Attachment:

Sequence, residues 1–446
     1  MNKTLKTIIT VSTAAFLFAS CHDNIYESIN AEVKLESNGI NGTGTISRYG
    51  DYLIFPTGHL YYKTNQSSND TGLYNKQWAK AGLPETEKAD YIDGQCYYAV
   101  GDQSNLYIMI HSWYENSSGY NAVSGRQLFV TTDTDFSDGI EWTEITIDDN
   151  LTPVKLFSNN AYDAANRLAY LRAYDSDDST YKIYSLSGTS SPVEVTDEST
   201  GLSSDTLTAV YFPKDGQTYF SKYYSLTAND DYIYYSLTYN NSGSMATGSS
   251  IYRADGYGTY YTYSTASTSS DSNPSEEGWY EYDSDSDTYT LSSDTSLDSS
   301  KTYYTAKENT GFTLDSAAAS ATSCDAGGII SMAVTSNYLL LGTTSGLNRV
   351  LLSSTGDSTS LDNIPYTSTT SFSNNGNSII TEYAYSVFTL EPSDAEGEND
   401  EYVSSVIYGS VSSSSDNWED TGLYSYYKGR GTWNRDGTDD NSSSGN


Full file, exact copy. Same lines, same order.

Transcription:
Sequence, residues 1–446
     1  MNKTLKTIIT VSTAAFLFAS CHDNIYESIN AEVKLESNGI NGTGTISRYG
    51  DYLIFPTGHL YYKTNQSSND TGLYNKQWAK AGLPETEKAD YIDGQCYYAV
   101  GDQSNLYIMI HSWYENSSGY NAVSGRQLFV TTDTDFSDGI EWTEITIDDN
   151  LTPVKLFSNN AYDAANRLAY LRAYDSDDST YKIYSLSGTS SPVEVTDEST
   201  GLSSDTLTAV YFPKDGQTYF SKYYSLTAND DYIYYSLTYN NSGSMATGSS
   251  IYRADGYGTY YTYSTASTSS DSNPSEEGWY EYDSDSDTYT LSSDTSLDSS
   301  KTYYTAKENT GFTLDSAAAS ATSCDAGGII SMAVTSNYLL LGTTSGLNRV
   351  LLSSTGDSTS LDNIPYTSTT SFSNNGNSII TEYAYSVFTL EPSDAEGEND
   401  EYVSSVIYGS VSSSSDNWED TGLYSYYKGR GTWNRDGTDD NSSSGN